'I whole heartedly miss playing music live with other people to an audience'
At last I’ve taken some time to update my website.
Like a lot of us, lockdown has given me some time. Time to update my website, practice, learn how to record, up skill and learn how to teach on Zoom. The ‘other’ part of my life has been spent exercising, cooking and trying to draw or paint. It has been a challenge to stay positive with the lack of gigs, but on the whole I have.
I don’t miss the tube and carrying too much gear (saxophones/suitcases full of stands and music) for miles. In fact I am sure that my posture has already improved. I don’t miss the journey home after the gig- I’ve never been a fan of that. I whole heartedly miss playing music live with other people to an audience. For me and many other musicians, a lack of gigs also means a lack of social life. That sense of comfort, stability and familiarity that comes from being part of a community, in my case my musical community. I love it. I love those people. I knew I did, but it takes a pandemic to really hammer it home.
When I was asked to do my first live stream I wasn’t sure if I wanted to do it. How could I create something for everyone’s enjoyment if I wasn’t with the band and just in my lounge? I felt very self conscious. However with a bit of thought and research I realised that I had nothing to lose. It wasn’t perfect, but, I found that by asking various band members who are close friends to record music for me to play with it felt personal. Of course, it’s not the same- musically they can’t react to what I’m playing, but I can respond to what they’re doing if I’ve listened to the track before the ‘gig’.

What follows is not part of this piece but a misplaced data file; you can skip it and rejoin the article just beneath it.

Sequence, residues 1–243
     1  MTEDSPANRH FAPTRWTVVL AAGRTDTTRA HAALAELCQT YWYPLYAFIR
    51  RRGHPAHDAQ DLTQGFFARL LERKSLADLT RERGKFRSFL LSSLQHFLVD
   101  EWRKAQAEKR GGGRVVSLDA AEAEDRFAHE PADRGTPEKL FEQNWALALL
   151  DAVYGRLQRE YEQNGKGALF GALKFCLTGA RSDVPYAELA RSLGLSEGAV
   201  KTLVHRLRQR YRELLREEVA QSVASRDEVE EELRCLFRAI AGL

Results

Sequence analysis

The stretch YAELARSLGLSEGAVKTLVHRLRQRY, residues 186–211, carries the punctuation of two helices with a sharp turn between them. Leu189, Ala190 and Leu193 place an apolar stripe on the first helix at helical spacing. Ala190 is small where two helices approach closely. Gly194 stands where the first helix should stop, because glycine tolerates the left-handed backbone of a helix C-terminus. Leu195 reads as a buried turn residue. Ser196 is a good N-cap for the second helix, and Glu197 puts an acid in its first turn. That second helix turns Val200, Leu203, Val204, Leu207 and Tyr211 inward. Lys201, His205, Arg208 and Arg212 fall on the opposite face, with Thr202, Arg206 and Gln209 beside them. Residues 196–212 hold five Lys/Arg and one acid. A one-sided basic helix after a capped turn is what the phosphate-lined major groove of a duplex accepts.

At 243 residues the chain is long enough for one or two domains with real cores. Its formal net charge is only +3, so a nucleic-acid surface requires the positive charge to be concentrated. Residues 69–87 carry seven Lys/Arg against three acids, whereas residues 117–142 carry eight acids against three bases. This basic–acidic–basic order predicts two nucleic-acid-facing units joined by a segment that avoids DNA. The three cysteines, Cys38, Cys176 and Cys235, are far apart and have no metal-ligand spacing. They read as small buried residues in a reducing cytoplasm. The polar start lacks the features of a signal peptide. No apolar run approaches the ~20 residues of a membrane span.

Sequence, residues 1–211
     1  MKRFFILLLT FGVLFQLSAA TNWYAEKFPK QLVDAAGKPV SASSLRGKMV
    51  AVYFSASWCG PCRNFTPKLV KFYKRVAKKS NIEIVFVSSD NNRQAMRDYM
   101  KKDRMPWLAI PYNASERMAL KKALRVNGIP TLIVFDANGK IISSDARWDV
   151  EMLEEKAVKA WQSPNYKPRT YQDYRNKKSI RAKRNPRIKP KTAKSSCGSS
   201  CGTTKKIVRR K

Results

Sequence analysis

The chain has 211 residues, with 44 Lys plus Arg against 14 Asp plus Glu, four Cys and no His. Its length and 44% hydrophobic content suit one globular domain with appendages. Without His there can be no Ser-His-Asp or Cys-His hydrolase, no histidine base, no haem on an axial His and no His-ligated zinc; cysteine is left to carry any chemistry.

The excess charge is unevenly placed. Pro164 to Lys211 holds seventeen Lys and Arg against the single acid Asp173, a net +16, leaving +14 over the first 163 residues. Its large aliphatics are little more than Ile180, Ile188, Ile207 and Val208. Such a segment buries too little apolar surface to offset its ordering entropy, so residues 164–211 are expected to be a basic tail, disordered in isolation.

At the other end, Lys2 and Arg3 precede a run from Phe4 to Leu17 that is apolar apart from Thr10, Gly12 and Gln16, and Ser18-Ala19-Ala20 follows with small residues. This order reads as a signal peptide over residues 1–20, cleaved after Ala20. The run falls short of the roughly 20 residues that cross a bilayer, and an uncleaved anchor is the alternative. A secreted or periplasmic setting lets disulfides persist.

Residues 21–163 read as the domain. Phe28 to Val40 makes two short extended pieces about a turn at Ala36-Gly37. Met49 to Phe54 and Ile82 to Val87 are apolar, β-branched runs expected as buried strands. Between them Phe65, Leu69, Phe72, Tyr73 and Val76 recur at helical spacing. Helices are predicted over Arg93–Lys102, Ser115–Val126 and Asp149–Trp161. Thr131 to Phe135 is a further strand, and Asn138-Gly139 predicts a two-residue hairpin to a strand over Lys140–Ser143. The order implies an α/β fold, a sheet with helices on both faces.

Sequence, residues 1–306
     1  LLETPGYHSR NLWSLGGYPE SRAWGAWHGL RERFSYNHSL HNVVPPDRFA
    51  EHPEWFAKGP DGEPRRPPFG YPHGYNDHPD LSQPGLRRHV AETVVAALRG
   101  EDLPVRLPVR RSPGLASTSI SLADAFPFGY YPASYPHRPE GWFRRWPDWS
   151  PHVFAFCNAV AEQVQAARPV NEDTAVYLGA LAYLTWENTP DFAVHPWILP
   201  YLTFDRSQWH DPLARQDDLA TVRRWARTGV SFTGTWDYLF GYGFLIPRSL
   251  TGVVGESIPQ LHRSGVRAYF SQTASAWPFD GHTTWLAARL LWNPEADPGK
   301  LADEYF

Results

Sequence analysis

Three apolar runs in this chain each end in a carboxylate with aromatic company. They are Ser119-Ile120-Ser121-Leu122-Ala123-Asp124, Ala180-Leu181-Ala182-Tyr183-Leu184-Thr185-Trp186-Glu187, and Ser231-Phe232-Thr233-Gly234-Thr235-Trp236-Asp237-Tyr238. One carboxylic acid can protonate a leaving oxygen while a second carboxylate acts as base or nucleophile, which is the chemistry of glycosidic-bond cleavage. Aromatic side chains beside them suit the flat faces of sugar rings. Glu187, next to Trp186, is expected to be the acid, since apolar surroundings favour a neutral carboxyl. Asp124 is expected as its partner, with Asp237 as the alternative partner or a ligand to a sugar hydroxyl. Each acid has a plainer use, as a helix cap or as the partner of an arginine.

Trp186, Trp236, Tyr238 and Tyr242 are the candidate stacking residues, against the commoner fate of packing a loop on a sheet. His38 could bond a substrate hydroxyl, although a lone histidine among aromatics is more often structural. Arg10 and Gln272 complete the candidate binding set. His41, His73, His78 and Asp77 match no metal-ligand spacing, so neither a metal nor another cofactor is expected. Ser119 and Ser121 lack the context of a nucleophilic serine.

The day of the first live stream was frantic. Setting up the audio so that the audience could hear the tracks as well as me was tricky -another musician who was live streaming twice a week helped with this. I also wanted photos of the rest of the band on the screen at the same time so that everyone could see them. I managed all this eventually.
Come the time to start I was nervous but I was also excited which was a relief. The audience ‘commented’ as they watched so I knew that other people were there. As there is so much multi tasking (playing, talking, pressing the correct button at the correct time, drinking prosecco) I had quite a plan of what to do and stuck to it.
Little did I know the band were all watching too, and an after show band Zoom was promptly set up by the pianist to celebrate after the ‘gig’. So, I even got a bit of socialising in. It left me with a feeling of contentment and a reminder of how much I missed everyone.
I’m excited to try live streaming again, this time to a wider audience. I feel I’ve done the necessary ground work. This time I’m getting big and brave adding a ‘requests’ section plus I’ll be featuring some other band members who are recording tracks for me as we speak. Tickets for ‘A Swingin’ Songbook’ on June 6th are available HERE now.
It takes a lot of work, a lot of organisation and a lot of time, but in this new world we seem to be living in if it gives an ounce of joy to us and our audience it’s got to be worthwhile.